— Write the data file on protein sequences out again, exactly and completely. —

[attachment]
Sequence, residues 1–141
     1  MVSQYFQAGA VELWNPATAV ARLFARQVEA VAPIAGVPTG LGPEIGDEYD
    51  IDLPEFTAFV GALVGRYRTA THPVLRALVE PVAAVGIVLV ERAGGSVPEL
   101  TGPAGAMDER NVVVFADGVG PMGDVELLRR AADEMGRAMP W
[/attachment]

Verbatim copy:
Sequence, residues 1–141
     1  MVSQYFQAGA VELWNPATAV ARLFARQVEA VAPIAGVPTG LGPEIGDEYD
    51  IDLPEFTAFV GALVGRYRTA THPVLRALVE PVAAVGIVLV ERAGGSVPEL
   101  TGPAGAMDER NVVVFADGVG PMGDVELLRR AADEMGRAMP W